We’ve lost the intimate connection of human interaction — it’s physical, not digital … we read the room by being in the room with others, not by staring at a screen of faces, with the technology as the barrier …
I am feeling this so much right now. I haven’t brought up any current events since we moved to online learning. I’m not sure what my 3rd graders are and aren’t aware of. I don’t know what their parents want them to know about and what they hope to shelter them from. And, I can’t read the room. Even in academic lessons I’ve struggled to be able to read their understanding or lack of. I’ve felt a loss of skills I’ve built as a teacher for two decades. It’s been painful but nothing like how it feels right now. Thank you for writing this and sharing it.
Thanks for sharing your experience — at least, we know we’re not alone …
Oh, Kevin, thank you for sharing your experience. I’m so glad you had The Watsons Go to Birmingham 1963 to refer back to, to remind them of. They remember. They have connections and were thinking and listening. Thank God you brought it up. And I’m very sorry for you and them that you couldn’t be there to read the room. Peace to you all.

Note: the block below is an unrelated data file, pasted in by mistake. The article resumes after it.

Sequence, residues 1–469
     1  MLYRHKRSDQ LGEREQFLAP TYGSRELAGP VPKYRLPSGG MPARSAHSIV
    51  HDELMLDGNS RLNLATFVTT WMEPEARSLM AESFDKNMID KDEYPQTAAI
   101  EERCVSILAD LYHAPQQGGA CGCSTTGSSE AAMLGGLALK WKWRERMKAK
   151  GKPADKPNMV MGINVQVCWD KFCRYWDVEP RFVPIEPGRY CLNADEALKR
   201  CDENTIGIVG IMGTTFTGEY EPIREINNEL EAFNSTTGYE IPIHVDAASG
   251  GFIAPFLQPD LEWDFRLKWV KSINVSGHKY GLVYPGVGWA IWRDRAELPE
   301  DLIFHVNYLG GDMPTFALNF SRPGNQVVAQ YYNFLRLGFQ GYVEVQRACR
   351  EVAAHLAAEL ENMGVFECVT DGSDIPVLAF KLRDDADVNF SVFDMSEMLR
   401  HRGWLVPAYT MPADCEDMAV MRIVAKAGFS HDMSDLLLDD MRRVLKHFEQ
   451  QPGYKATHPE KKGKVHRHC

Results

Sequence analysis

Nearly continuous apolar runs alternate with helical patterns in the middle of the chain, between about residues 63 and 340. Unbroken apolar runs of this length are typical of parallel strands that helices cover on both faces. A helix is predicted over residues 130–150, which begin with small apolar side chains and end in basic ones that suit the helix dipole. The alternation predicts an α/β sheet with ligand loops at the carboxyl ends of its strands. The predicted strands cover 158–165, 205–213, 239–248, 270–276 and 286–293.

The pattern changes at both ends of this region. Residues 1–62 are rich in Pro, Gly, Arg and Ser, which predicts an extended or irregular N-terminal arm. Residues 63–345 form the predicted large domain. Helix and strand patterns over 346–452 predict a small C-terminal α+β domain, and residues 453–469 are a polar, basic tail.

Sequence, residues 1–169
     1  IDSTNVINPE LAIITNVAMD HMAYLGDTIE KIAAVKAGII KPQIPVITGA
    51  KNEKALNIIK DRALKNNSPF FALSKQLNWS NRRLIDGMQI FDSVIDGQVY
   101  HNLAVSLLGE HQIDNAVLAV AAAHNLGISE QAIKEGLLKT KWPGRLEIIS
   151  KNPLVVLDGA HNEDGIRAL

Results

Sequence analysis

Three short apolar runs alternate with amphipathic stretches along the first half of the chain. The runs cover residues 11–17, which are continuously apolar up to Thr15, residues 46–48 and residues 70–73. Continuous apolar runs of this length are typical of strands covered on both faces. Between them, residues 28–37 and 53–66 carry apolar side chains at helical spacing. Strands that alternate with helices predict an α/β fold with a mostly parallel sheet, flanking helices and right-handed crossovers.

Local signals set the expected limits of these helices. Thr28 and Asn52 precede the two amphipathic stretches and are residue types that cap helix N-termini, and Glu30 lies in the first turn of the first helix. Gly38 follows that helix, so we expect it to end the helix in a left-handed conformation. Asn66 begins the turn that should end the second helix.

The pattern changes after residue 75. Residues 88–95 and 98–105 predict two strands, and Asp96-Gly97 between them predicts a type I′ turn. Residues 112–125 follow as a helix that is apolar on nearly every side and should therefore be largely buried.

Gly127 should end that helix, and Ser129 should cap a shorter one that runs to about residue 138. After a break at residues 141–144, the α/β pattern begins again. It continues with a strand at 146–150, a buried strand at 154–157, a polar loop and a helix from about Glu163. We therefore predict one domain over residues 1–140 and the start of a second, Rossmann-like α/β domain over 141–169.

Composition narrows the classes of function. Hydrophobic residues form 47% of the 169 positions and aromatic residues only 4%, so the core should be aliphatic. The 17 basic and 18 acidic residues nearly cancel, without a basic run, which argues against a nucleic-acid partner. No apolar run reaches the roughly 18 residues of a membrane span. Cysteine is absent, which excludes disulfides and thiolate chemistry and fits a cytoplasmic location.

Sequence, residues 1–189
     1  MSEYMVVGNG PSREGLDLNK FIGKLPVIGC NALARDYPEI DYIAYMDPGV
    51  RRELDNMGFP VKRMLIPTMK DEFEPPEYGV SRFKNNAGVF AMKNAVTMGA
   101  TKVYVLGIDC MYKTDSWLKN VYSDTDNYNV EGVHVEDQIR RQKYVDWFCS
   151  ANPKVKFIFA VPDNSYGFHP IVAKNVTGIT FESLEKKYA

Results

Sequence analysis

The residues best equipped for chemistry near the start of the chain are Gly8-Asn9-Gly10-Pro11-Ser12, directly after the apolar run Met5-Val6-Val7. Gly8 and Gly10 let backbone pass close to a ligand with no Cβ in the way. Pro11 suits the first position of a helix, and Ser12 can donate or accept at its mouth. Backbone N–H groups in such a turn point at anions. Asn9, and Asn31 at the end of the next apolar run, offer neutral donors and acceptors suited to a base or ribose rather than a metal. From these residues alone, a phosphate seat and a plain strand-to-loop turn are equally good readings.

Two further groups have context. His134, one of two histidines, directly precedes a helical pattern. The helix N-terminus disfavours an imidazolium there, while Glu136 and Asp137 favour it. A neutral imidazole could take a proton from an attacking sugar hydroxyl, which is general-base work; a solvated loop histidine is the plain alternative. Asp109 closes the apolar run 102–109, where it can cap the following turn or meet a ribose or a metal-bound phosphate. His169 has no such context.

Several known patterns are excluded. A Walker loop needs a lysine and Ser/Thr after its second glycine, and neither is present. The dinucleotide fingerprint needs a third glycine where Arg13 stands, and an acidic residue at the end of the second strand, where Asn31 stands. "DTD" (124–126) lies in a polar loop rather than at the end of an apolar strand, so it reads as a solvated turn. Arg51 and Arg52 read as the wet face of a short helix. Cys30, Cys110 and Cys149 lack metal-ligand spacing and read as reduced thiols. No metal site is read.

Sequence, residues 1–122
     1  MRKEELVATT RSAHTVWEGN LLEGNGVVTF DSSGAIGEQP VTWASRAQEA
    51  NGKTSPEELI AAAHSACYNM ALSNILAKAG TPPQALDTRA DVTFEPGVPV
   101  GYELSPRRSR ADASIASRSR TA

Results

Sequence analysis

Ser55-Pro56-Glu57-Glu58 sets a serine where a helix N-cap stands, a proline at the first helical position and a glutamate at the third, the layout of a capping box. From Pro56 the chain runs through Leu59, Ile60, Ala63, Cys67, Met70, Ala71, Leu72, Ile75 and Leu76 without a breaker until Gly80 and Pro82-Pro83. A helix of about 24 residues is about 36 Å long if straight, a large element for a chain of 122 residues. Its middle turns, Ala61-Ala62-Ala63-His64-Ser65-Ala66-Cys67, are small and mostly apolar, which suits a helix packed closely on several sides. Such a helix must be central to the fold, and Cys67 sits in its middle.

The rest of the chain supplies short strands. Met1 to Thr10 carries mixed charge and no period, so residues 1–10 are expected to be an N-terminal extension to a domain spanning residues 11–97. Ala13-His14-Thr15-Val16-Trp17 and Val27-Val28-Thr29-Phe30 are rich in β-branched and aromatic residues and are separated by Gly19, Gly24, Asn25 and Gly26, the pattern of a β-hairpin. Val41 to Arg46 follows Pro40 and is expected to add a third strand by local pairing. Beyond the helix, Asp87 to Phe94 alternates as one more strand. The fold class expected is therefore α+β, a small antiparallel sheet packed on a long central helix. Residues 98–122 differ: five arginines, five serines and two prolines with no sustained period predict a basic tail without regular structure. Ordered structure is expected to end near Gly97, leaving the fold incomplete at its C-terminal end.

Thanks for sharing this. As you pointed out in an earlier comment, we’re currently denied the human connection that would help in so many ways. That makes it even harder. Keep doing what you’re doing.
What a powerful post! Thanks for sharing. As I read your words, I reflected on how I’m processing things. A friend and I talked last night about difficulty breathing, about feeling heartsick, about overwhelming sadness. How do we go forward? For me, I’m reading one of the books I’ve been meaning to read for several years. Kudos for bringing up the current events, for broaching such a difficult conversation during this time with your students, even if you couldn’t read the room.